Friday, September 28, 2007

Banned Books Week day 7!

Okay, here we go, the bulk of books challenged/banned are for children or to "protect" them from harm, so these are just a couple that drew my attention.

Belpre, Pura. Perez and Martina. Warne. Challenged at the Multnomah County Library in Portland, Oreg. (1988) because the death of a mouse in the story would upset children.

Blank, Joan. Laugh Lines. Grapetree Prods.; Putnam. Removed from the McKinleyville, Calif. Elementary School library (1990) for its “demeaning manner” toward individuals who read the riddles and cannot figure out the answers, rather than for its political or sexual content.

Bogart, Bonnie. Ewoks Join the Fight. Random. Challenged at the La Costa, Calif. Public Library (1987) because “every page except for three has some sort of violence - somebody gets knocked down or the Death Star is destroyed.”

Carroll, Lewis. Alice’s Adventures in Wonderland. Ace; Bantam; Crown; Dealcorte; Dover; NAL; Norton; Penguin; Random; St. Martin. Banned in China (1931) on the ground that “Animals should not use human language, and that it was disasterous to put animals and human being on the same level.

Carroll, Jim. The Basketball Diaries. Penguin. Challenged, but retained, at he Gwinnett County, Ga. Library (1998) after the county solicitor declined to give a legal opinion on whether the book is harmful to minors. The library board had voted 2-1 to ban the book if the solicitor found the book meets the state’s legal definition of harmful to minors.

Dramer, Dan. Monsters. Jamestown Pub. Challenged at the Jefferson County school libraries in Lakewood, Colo (1986). The book is a junior high text of monster stories including several Greek myths on the Cyclops, the Minotaur, and Medusa, as well as stories of several modern monsters such as King Kong, Dracula, and Frankenstein’s monster. The Jefferson County School Board refused to ban the book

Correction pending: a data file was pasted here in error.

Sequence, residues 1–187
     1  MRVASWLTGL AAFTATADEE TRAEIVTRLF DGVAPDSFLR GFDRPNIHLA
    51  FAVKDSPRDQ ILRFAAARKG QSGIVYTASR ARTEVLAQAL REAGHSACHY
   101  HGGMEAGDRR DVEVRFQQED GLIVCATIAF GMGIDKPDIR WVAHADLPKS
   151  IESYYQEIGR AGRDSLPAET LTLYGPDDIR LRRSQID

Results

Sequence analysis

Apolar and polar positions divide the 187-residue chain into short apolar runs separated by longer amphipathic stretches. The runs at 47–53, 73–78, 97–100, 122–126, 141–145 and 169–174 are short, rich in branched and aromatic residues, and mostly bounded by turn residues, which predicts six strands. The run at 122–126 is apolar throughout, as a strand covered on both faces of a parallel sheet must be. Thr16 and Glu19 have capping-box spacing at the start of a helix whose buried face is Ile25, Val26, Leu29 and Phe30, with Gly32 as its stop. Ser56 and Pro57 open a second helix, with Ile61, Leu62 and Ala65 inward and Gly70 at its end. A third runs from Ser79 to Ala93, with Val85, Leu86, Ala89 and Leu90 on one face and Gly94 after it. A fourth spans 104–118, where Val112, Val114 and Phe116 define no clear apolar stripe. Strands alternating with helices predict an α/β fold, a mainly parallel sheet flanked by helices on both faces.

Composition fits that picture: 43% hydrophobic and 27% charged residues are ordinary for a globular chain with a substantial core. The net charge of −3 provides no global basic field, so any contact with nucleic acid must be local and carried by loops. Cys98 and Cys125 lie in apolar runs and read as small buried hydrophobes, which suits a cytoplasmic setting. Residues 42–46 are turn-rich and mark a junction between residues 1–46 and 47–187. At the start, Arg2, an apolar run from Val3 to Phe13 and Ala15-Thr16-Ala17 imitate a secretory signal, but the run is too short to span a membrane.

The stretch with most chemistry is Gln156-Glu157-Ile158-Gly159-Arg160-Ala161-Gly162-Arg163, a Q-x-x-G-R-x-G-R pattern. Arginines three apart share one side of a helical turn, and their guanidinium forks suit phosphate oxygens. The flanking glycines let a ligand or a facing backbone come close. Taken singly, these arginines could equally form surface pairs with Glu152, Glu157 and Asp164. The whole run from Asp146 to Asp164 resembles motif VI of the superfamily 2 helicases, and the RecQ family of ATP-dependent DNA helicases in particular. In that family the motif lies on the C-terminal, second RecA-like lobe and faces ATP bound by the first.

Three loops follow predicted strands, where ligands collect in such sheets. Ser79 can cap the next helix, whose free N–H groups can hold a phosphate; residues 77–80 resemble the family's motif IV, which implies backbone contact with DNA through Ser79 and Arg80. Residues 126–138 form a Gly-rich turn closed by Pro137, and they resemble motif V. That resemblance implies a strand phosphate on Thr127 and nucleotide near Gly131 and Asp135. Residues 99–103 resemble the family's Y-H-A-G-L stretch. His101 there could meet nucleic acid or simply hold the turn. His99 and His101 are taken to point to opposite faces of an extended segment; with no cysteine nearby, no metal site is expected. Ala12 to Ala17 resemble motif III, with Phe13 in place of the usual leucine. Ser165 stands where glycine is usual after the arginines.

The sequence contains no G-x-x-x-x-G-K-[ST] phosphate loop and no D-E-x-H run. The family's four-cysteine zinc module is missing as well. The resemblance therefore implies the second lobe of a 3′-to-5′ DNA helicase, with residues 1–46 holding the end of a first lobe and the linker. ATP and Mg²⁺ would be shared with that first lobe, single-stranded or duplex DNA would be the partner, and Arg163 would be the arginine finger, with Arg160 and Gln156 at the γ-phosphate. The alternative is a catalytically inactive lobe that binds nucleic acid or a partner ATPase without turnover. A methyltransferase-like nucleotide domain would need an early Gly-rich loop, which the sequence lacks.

Hinton, S.E. Rumble Fish. Delacorte; Dell. Challenged at the Poca Middle School in Charleston, W. Va. (1991) because the book is “too frank.”

Miller, Jim, ed. The Rolling Stone Illustrated History of Rock and Roll. Random. Challenged in Jefferson County, Ky. (1982) because it “will cause children to become immoral and indecent.”

Okay, so most of these were just bloody ridiculous...the mouse and riddles, please, don't waste a tree on such rubbish. I was saddened by the monster book challenge. A child's imagination is something that shouldn't be wasted and taking that book away would have allowed some kids to miss out on discovering these characters and taking them somewhere in their own thoughts.

Tomorrow is the last day of Banned Books Week and we'll look at a few different things - including a few ideas to ensure your local libraries shelves aren't being emptied book-by-book.

1 comment:

catslady said...

I can't remember ever having to tell my two children they couldn't read something. If it was something they didn't understand we discussed it. They always seemed to pick books that were fitting for their mental ability if not technically their age.